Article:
Suppose your company made a substantial annual investment in a major civic event that measurably improved the lives of community members. Would that affect the business opportunities you pursue? The way you market your business? Your philanthropic spending?

The answers, of course, are all “yes.” But take a step back: How do you know your annual investment is providing those measurable returns? These questions lie at the core of a featured presentation at Olin’s inaugural Data for Good conference on October 5.

The presentation by Tony Sardella, CEO of predictive analytics technology company evolve24 is one part of a daylong agenda for business leaders and academics examining strategies for using data to make a positive and principled difference in businesses, organizations, and the community at large. Sardella will present on “Fostering Community Well-Being: Using Data to Drive Better Program Decisions.”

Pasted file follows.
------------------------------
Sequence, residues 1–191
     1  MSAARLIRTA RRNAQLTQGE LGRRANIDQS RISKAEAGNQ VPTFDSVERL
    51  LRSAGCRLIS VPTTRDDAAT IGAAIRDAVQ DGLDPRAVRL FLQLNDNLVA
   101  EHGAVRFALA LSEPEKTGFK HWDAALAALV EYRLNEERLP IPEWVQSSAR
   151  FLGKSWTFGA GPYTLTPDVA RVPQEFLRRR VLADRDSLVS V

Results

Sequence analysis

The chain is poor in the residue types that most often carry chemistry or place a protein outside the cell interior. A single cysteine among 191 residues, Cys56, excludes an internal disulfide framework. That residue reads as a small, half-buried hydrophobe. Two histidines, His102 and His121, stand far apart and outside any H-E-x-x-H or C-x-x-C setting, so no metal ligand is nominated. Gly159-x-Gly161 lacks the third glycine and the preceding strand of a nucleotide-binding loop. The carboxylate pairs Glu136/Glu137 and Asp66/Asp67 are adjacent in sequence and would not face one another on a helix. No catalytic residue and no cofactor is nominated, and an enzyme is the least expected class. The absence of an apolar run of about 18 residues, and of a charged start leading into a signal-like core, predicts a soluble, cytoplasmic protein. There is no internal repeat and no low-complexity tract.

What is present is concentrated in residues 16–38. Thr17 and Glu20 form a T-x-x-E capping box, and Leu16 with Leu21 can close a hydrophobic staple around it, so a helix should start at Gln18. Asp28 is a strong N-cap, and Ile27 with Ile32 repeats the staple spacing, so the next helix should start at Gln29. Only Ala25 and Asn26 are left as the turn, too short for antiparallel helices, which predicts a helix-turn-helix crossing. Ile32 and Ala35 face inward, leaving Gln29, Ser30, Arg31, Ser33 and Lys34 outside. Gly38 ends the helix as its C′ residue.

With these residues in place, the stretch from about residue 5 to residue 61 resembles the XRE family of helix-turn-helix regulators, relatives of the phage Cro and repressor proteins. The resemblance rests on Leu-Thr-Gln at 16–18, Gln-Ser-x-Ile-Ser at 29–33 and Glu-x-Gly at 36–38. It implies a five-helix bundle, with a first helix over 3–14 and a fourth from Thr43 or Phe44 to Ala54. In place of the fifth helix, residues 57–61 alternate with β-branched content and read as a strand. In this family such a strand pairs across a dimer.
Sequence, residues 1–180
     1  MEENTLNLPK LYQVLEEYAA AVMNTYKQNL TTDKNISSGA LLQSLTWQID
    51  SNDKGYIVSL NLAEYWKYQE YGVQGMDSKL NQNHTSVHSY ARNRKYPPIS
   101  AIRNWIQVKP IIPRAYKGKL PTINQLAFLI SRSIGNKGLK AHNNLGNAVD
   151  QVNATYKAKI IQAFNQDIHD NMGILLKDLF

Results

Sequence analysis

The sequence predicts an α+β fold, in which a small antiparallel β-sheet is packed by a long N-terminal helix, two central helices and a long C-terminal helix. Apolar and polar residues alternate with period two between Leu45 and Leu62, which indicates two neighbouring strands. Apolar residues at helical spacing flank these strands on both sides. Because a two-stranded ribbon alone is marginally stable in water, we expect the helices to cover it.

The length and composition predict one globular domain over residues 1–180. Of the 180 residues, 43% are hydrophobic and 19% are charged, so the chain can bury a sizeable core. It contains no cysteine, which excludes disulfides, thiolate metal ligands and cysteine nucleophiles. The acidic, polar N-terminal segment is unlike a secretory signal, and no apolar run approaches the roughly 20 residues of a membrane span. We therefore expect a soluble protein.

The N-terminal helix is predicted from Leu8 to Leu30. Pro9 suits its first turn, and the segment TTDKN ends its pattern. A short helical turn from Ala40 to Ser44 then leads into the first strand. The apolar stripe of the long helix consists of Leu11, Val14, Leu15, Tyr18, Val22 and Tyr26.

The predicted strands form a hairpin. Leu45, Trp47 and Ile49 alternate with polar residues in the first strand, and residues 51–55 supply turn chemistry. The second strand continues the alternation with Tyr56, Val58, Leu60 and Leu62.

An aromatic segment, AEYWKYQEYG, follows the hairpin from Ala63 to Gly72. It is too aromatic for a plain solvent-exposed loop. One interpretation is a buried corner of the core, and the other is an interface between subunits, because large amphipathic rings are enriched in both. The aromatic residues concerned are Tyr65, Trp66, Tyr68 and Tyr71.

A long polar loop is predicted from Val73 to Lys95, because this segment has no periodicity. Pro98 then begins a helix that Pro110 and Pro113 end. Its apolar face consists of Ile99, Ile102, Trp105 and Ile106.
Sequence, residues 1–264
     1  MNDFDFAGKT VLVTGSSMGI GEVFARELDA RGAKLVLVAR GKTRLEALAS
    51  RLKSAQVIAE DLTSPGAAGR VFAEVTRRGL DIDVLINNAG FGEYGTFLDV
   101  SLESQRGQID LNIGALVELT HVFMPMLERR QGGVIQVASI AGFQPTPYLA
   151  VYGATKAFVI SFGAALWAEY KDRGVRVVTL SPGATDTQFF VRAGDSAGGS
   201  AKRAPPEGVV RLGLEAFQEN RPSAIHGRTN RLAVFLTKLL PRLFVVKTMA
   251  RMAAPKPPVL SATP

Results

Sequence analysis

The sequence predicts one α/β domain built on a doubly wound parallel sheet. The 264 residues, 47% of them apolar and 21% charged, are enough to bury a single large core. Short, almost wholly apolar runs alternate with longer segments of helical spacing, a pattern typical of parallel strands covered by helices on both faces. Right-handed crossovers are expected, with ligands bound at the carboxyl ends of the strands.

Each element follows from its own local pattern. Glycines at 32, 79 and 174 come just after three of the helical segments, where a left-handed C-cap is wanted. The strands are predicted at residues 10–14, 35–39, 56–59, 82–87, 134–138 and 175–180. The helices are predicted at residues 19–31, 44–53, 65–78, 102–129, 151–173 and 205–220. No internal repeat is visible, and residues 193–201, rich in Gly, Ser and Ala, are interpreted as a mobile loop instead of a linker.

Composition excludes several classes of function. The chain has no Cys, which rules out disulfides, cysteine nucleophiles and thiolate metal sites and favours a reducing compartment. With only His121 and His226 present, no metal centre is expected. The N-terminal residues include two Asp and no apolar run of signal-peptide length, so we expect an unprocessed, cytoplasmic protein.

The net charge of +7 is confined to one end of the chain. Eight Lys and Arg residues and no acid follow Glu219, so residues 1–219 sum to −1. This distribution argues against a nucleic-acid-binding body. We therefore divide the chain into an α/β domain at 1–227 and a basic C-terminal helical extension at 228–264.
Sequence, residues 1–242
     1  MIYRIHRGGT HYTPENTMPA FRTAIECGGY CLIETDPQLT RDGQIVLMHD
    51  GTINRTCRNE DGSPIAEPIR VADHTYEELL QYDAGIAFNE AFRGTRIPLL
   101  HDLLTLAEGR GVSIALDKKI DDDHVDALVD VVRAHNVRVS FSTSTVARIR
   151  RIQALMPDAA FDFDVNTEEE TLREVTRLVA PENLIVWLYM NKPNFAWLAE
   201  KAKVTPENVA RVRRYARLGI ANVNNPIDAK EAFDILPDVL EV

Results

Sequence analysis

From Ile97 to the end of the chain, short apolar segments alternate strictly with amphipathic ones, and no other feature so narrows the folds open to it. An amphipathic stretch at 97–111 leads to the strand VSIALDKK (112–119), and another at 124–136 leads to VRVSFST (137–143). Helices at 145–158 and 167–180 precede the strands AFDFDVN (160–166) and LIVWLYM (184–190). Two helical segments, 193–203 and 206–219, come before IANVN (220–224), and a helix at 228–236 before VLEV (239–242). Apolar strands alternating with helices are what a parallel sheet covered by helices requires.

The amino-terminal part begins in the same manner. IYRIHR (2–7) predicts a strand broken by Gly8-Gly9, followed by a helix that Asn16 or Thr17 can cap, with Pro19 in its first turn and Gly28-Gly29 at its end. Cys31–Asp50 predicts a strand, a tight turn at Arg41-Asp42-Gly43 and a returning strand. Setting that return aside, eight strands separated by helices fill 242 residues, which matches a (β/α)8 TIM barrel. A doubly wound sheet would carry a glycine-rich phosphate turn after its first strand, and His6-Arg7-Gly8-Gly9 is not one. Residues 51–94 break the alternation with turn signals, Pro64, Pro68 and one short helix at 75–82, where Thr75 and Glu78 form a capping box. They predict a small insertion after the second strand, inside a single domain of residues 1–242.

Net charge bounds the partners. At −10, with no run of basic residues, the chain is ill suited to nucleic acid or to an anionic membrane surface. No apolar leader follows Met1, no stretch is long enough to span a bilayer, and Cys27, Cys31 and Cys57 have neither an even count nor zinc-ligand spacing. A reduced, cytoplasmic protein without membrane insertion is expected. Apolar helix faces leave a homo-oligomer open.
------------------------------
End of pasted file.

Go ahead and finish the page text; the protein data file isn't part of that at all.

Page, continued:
Making a difference with data

“That’s the goal: to let a company or a city or an organization know they’re really helping,” said Sardella, an adjunct lecturer at Olin. “How do you know your best programs? A lot of organizations are really struggling with that.”

In his presentation, Sardella will unveil a new study of civic well-being in the city of St. Louis, part of a broader study evolve24 has conducted in Los Angeles, New York, Chicago, Houston, Philadelphia, the District of Columbia, and San Monica. The research measures the outlook of residents and cross references residents’ “subjective well-being with data such as health, crime, housing starts, and other tangible data points.

Sardella was surprised to find, for example, how deeply the annual Shakespeare Festival St. Louis appears to influence civic well-being in the community. “That was definitely a little bit of an ‘ah-ha!'” Sardella said. “We had no idea.”